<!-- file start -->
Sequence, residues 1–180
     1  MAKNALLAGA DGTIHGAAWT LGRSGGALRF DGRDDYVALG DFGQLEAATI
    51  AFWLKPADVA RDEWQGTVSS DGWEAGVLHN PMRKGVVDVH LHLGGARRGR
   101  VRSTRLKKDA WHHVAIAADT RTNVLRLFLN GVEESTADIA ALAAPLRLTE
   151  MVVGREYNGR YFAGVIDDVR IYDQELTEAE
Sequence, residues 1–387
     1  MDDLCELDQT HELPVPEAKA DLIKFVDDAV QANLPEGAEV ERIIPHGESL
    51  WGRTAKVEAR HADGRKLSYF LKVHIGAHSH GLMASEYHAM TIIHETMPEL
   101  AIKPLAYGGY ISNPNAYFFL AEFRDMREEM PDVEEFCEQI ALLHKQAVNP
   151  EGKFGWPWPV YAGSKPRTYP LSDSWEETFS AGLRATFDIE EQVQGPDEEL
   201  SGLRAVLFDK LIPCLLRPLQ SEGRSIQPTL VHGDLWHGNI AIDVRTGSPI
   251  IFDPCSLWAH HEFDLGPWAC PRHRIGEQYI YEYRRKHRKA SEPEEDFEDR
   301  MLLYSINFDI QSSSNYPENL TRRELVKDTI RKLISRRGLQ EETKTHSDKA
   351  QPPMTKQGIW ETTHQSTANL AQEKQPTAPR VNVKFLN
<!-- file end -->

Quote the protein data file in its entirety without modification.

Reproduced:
Sequence, residues 1–180
     1  MAKNALLAGA DGTIHGAAWT LGRSGGALRF DGRDDYVALG DFGQLEAATI
    51  AFWLKPADVA RDEWQGTVSS DGWEAGVLHN PMRKGVVDVH LHLGGARRGR
   101  VRSTRLKKDA WHHVAIAADT RTNVLRLFLN GVEESTADIA ALAAPLRLTE
   151  MVVGREYNGR YFAGVIDDVR IYDQELTEAE
Sequence, residues 1–387
     1  MDDLCELDQT HELPVPEAKA DLIKFVDDAV QANLPEGAEV ERIIPHGESL
    51  WGRTAKVEAR HADGRKLSYF LKVHIGAHSH GLMASEYHAM TIIHETMPEL
   101  AIKPLAYGGY ISNPNAYFFL AEFRDMREEM PDVEEFCEQI ALLHKQAVNP
   151  EGKFGWPWPV YAGSKPRTYP LSDSWEETFS AGLRATFDIE EQVQGPDEEL
   201  SGLRAVLFDK LIPCLLRPLQ SEGRSIQPTL VHGDLWHGNI AIDVRTGSPI
   251  IFDPCSLWAH HEFDLGPWAC PRHRIGEQYI YEYRRKHRKA SEPEEDFEDR
   301  MLLYSINFDI QSSSNYPENL TRRELVKDTI RKLISRRGLQ EETKTHSDKA
   351  QPPMTKQGIW ETTHQSTANL AQEKQPTAPR VNVKFLN